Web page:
Honoré de Balzac is often misquoted as having written, "Behind every great fortune lies a great crime."
That's not quite an accurate translation of what the famous French author wrote, but there's a kernel of truth in it, as evidenced by the early histories of some famous U.S. businesses. It's well known that the robber barons of the Gilded Age -- the men who built empires like U.S. Steel (X), Standard Oil and the great railroad companies -- used stock manipulation, bribes, union busting and violence to achieve their goals. For example, Jay Gould, one of the nastier tycoons, reportedly once said this about unions and the thugs he employed against them: "I can hire one half of the working class to kill the other half."
And recent decades have seen their share of outrageous malefactors, too: Bernie Madoff,Ken Lay and Jeffrey Skilling and Dennis Kozlowski spring to mind. But the five subjects we've picked have earned their places in business history with successful enterprises and classic brands -- which is why the tales of their unsavory behavior may surprise you.
To be fair, most of these tycoons and companies had their softer sides, too -- donating huge sums to charity in their later years, or treating employees with paternalistic kindness. It's the contrasts that make them such fascinating bastards.
5 of the Biggest Bastards in the History of Business
According to "100 Great Businesses and The Minds Behind Them," Charles Revson, founder of Revlon, once chided an employee: "Look, kiddie, I built this business by being a bastard. I run it by being a bastard. I'll always be a bastard and don't you ever try to change me."
The beauty business as run by Revson was ugly. He spied on competitors, eavesdropped on employees, and encouraged underhanded sales tactics such as sabotaging competitor's displays, bribing manicurists, and unscrewing nail polish bottles so the contents would dry out and ruin rivals' sales. Andrew Tobias' biography, "Fire and Ice," is filled with juicy anecdotes about his toxic behavior.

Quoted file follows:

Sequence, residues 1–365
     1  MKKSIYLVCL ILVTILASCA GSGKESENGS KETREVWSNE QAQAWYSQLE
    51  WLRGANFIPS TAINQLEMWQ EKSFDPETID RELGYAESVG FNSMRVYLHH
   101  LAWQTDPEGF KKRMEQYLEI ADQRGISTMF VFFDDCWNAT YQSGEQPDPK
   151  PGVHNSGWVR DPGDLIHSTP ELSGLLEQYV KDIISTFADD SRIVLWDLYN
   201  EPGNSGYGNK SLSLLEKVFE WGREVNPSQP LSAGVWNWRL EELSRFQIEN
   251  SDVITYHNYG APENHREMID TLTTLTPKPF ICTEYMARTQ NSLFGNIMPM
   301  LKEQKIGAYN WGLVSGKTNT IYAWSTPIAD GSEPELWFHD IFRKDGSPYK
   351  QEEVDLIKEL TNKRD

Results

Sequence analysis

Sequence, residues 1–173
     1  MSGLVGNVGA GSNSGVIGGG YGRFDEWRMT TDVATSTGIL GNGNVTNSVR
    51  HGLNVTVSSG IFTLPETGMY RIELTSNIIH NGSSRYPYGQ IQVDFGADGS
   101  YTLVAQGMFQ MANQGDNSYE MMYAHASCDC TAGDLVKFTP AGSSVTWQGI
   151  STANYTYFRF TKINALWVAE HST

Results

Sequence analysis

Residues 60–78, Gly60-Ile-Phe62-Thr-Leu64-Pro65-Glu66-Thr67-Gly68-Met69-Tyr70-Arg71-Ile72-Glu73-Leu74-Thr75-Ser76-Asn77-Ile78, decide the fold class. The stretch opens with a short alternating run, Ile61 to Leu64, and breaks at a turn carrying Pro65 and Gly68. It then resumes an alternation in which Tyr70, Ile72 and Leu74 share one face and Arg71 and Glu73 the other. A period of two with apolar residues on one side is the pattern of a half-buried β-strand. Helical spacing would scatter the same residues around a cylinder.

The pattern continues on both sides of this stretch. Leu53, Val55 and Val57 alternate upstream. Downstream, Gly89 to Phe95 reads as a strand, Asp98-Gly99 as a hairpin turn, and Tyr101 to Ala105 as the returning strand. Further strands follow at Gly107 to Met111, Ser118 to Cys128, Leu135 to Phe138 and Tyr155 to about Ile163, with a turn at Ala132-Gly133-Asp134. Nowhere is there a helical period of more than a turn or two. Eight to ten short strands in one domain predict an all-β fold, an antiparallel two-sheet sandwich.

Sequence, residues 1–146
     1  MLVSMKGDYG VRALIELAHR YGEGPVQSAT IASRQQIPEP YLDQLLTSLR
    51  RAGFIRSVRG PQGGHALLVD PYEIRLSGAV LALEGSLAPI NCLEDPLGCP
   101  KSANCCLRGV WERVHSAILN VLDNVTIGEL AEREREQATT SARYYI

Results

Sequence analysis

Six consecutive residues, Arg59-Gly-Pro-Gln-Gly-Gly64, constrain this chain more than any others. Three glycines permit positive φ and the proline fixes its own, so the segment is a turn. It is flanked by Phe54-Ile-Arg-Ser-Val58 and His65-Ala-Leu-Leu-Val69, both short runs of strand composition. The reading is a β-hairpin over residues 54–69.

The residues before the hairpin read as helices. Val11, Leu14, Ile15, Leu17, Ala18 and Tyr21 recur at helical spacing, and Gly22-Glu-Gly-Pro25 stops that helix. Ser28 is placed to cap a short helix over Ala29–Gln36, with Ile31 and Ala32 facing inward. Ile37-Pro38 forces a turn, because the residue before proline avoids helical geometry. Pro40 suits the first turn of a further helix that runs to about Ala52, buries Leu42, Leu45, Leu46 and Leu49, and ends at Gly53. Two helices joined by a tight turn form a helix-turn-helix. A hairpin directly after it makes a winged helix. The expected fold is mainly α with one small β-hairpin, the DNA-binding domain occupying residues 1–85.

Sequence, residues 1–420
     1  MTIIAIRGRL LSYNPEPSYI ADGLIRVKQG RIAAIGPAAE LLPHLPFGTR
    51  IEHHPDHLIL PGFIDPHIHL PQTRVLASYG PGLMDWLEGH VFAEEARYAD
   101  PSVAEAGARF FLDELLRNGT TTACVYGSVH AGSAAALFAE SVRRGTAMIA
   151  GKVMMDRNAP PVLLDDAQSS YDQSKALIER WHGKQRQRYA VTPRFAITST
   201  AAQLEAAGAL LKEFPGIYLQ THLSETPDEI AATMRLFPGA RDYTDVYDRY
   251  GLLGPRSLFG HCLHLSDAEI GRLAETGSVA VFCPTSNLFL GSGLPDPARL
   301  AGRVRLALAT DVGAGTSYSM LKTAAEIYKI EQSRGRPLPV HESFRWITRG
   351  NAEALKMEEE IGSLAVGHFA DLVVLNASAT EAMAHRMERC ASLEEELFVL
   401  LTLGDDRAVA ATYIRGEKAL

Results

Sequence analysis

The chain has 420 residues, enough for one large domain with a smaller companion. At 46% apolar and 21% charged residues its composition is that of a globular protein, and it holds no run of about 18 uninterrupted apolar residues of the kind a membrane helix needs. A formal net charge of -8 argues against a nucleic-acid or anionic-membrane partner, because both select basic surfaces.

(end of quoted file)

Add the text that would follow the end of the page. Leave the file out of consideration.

One of the most admired men in American history is inventor Thomas Alva Edison. He brought electric light to the world, but as a businessman, he had a dark side: greed.
One telling anecdote: Edison offered Nikola Tesla (who would later invent the alternating current electrical system) a deal: If Tesla could redesign Edison's direct current generators to solve their problems, Edison would give him $50,000 -- a fortune back in 1885. After months of grueling work, Tesla succeeded. Edison then reneged on the offer, reportedly saying that it had just been a joke, and telling the Croatian native, "You don't understand our American humor."
But his mistreatment of Tesla was small potatoes compared to how he treated other firms. Edison's RCA exacted exorbitant charges for the film camera technology that Edison invented, which drove the early film industry to flee to California, where it could escape the thugs whom RCA hired as collectors.
And on the other side of the coin, for decades RCA refused to pay royalties to other inventors to license their patents, often driving them to bankruptcy by burying them in legal paper. Philo T. Farnsworth, credited as the inventor of television, held out for almost a decade until RCA buckled and paid him $1 million.